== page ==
Parsnip Balls

Parsnip Balls 2

Winter farmers’ markets in the small suburb where I live are always a bit of an adventure, and I’m never quite sure what will be available. I recently was thrilled to find some lovely parsnips, but then I had a challenge: Could I find an interesting hundred-year-old recipe that called for parsnips?

I browsed through a couple 1916 issues of Good Housekeeping magazine and came across an intriguing recipe for Parsnip Balls, and decided to give it a try.

The Parsnip Balls only had a few ingredients and were surprisingly easy to make. They turned out awesomely. The balls were coated with ground walnuts which added a bit of crunch to the earthy, sweetness of the parsnips. This recipe is a keeper.

Here’s the recipe adapted for modern cooks:

Parsnip Balls

  • Servings: 3 - 4
  • Difficulty: medium
  • Print

3-4 medium parsnips (1 cup, mashed)

15 saltine crackers (1/2 cup  cracker crumbs)

1 egg yolk

1/8 teaspoon salt

1/2 cup ground walnuts

1/2 cup shortening or lard

Peel parsnips and cut into 1/2 inch cubes. Place cubed parsnips in a medium saucepan and cover with water. Using high heat bring to a boil, then reduce heat and simmer until parsnips are tender. Drain parsnips, and then mash. In the meantime, crush the saltine crackers to make crumbs.

Combine mashed parsnip, cracker crumbs, egg yolk, and salt in a bowl. Shape the mixture into 1-inch balls; then roll in ground walnuts. Place the shortening into a frying pan, and heat until hot.  Drop balls into the hot shortening, then gently roll the balls with a fork until all sides are a light brown. Remove from heat and drain on paper towels.

And, here is the original recipe:

Source: Good Housekeeping (May, 1916)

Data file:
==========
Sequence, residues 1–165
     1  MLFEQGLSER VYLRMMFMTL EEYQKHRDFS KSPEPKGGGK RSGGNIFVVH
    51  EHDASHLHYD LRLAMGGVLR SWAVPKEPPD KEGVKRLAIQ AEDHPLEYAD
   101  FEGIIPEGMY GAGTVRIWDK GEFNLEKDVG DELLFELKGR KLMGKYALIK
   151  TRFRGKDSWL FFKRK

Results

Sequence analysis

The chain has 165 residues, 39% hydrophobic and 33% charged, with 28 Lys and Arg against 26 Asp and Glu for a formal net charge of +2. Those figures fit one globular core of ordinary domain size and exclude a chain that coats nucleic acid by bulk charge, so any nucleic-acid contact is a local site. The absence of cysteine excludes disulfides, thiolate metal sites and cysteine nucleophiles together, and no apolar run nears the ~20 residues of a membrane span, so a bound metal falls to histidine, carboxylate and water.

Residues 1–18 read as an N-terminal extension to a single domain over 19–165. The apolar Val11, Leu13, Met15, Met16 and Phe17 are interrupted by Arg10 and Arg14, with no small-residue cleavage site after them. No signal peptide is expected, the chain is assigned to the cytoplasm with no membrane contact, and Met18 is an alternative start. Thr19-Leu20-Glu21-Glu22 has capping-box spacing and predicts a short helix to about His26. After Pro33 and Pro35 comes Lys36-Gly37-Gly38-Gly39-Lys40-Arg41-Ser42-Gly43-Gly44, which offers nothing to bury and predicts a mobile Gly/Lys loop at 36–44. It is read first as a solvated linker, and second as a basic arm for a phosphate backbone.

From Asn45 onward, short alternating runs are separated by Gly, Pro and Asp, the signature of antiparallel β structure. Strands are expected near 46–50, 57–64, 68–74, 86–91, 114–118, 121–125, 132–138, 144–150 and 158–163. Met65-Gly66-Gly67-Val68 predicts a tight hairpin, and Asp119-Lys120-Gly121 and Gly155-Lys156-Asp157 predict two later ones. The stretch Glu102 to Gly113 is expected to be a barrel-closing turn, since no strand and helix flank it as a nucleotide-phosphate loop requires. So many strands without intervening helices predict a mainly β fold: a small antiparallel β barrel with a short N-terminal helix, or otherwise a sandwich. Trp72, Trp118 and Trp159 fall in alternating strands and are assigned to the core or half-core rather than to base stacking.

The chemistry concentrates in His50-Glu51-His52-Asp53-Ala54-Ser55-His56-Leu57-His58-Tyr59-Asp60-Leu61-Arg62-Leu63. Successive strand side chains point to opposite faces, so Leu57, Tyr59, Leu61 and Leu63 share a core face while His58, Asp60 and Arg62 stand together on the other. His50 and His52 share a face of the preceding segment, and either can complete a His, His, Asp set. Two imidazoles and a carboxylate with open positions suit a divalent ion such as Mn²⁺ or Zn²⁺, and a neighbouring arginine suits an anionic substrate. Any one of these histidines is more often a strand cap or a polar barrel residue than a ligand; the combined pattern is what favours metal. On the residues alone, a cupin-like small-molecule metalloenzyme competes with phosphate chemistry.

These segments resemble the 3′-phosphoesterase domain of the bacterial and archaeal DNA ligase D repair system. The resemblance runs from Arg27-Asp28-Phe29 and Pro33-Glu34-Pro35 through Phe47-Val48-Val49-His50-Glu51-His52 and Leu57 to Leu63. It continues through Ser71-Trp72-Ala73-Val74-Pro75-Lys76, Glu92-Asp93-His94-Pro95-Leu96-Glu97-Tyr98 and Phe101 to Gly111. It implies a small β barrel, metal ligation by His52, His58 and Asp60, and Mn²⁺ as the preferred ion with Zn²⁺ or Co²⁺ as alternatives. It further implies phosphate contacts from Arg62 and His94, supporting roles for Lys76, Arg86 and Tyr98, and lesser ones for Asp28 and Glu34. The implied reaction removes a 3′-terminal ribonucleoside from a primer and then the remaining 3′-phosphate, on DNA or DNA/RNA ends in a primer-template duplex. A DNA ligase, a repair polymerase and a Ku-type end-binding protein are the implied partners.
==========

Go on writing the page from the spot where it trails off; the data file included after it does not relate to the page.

Source: Good Housekeeping (May, 1916)

51 thoughts on “Parsnip Balls

    1. I was very pleasantly surprised by this recipe. It was easy to make; the parsnip balls stayed together and I had no issues with them wanting to fall apart, and they had a nice taste and texture.

  1. I’m not sure I’ve ever seen a parsnip, let alone eaten one. I associate them with children’s books — Peter Rabbit, maybe? I’ll have to look in the store and see if they’re stocked. I don’t remember ever seeing them in our farmers’ markets, but maybe they’ve just been off my radar.

    1. I like parsnips. I often use them in winter vegetable mixtures. They seem like they’ve become more popular around here in recent years. If you see them, you should give them a try.

  2. I’ve never run across parsnips in my shopping for vegetables – but of course I haven’t looked for them either. Wouldn’t know one if I came across it! This does sound delicious though. What family of vegetable does the parsnip belong to Sheryl? ~Elle

  3. Wow! This is so interesting. It’s a good thing you’re looking back in time for all of us. Just think what we miss!

    1. My husband and I ate them as a vegetable; but, now that you mention it, I think that they would make a nice appetizer. If I was going to serve them as an appetizer, I’d probably make them a little smaller than what I did.

  4. Yummy! Love parsnips. During WWII my Nana used to boil parsnips and flavor them with banana essence because the children hadn’t seen fruit in the UK for a long time.

    1. What an interesting story! Thanks for sharing it. I never would thought about combining parsnips with a banana flavoring. Now I’m intrigued–and may have to try it. 🙂

      1. I wouldn’t bother unless you were desperate! The Brits had all sorts of ways to deal with shortages. My mum and her siblings had dresses made out of flour sacks, bleached and dyed. The material was very nice cotton back then.

Leave a Reply

Fill in your details below or click an icon to log in: Logo

You are commenting using your account. Log Out /  Change )

Twitter picture

You are commenting using your Twitter account. Log Out /  Change )

Facebook photo

You are commenting using your Facebook account. Log Out /  Change )

Connecting to %s